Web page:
Harry Winston | Your Diamond is Forever

Just Married, admiring their new rings and all that they mean

Know Your Diamonds ... "Understand the Four C’s," starting with the cut, which refers to how the facets are cut into the stone and determines how much light reflects and refracts from the diamond.

Consider What is Fashionable ... Though some shapes and cuts may be in style now and may be considered less stylish at other times, the diamond itself will never go out of style. Truly, "a diamond is forever."


Your Diamond is Forever

"You didn’t go for size when you were finding your husband," says our diamond advisor at Harry Winston. "Don’t go for size when you’re buying a diamond. Go for quality."

But in the exaggerated movie scene, isn’t it the gold-digger bride who drags her Daddy Warbucks groom (young or old) to shop for her glittering rock?

"Interestingly enough, the woman usually trades down the purchase," says our advisor, who encourages you to be more concerned with finding the shape and the mounting you love. "It’s more important to decide on a gold or platinum setting and the type of side stones than how deep he wants to reach into his pocket."

The Four C’s: Cut. Carat. Clarity. Color.

"Understand the Four C’s," she tells us, "because you want to be able to discuss them with your fiancé."

Cut refers to how the facets are cut into the stone. This determines how much light reflects and refracts from the diamond.

The carat weight measures size. Clarity refers to the amount of inclusions in the stone. "If you can hold up a stone and see imperfections with the naked eye, I wouldn’t recommend purchasing it. Of course that would bring the price down, but an included stone loses its value pretty quickly.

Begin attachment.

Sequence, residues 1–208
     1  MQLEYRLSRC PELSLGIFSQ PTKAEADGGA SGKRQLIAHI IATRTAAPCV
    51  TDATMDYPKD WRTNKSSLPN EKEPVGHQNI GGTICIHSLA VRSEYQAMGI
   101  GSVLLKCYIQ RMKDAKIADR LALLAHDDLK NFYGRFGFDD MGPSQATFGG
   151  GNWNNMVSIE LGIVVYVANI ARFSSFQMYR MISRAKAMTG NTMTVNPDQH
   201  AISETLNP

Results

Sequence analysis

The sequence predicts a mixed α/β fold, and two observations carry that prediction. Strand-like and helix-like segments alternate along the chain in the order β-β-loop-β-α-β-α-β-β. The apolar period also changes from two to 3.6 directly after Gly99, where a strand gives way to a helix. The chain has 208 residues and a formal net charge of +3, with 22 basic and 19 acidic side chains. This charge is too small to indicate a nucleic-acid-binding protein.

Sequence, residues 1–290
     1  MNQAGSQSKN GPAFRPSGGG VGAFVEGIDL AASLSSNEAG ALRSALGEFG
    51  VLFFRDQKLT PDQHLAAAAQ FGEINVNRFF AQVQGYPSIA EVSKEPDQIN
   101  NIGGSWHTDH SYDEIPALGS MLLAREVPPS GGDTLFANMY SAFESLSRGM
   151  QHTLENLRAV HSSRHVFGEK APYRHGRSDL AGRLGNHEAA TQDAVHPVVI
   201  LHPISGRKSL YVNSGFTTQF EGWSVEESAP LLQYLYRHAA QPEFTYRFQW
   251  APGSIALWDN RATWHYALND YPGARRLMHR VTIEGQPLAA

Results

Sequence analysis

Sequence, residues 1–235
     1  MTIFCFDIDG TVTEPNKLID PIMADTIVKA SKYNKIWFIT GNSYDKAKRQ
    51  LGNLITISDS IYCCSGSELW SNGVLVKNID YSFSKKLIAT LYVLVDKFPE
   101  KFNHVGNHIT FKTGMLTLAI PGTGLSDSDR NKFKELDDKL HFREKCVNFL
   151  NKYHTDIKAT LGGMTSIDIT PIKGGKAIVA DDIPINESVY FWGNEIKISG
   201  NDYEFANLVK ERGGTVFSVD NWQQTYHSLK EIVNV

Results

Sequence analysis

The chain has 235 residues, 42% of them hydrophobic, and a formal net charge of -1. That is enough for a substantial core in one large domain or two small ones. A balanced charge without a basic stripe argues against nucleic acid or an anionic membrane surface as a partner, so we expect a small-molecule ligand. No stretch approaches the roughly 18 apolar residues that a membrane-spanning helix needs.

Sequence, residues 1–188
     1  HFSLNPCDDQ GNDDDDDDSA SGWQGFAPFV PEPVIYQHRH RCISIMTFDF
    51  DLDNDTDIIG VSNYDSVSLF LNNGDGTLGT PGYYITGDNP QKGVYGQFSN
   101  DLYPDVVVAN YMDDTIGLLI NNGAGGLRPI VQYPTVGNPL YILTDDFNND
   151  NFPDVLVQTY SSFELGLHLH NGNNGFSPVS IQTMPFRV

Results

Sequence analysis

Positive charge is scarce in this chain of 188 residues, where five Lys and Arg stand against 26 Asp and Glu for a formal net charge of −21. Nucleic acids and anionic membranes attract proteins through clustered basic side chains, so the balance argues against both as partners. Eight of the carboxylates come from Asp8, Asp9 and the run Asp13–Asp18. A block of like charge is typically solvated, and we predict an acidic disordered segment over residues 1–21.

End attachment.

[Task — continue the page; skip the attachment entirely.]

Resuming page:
"At the more prestigious diamond houses, it’s all about buying the rarest gem you can find. It took you years to find the person you’re going to marry. Why not buy a stone as rare as that person?"

The best color is no color at all, a clear, whitish-blue diamond. The color range starts at ‘D,’ perfect color. "D, E and F are in the near perfect to no color at all range. G and H start getting a little faint yellow in them.

"You want to have the right mix of the four C’s.

"If your budget is $30,000, you can go to certain jewelers to find a three-carat stone or to the high-end shops for a carat and a half stone. The three-carat stone is probably going to be included and slightly yellow. The one and a half-carat stone is going to be beautiful, nearly colorless and barely included."


Just Married!

Just Married, admiring their new rings and all that they mean

But How Do I Choose?

Just like no two people are alike, no two diamonds are alike. "People always ask me, ‘When you’re looking at a few stones that are very similar, how do you decide which one is right for you?’

"I can only judge by how I got my diamond," she tells us. "It’s like when you look at a litter of puppies. All the cute little puppies are wagging their tails. Then you look at one. Its eyes are sparkling, and it’s saying, ‘Take me home.’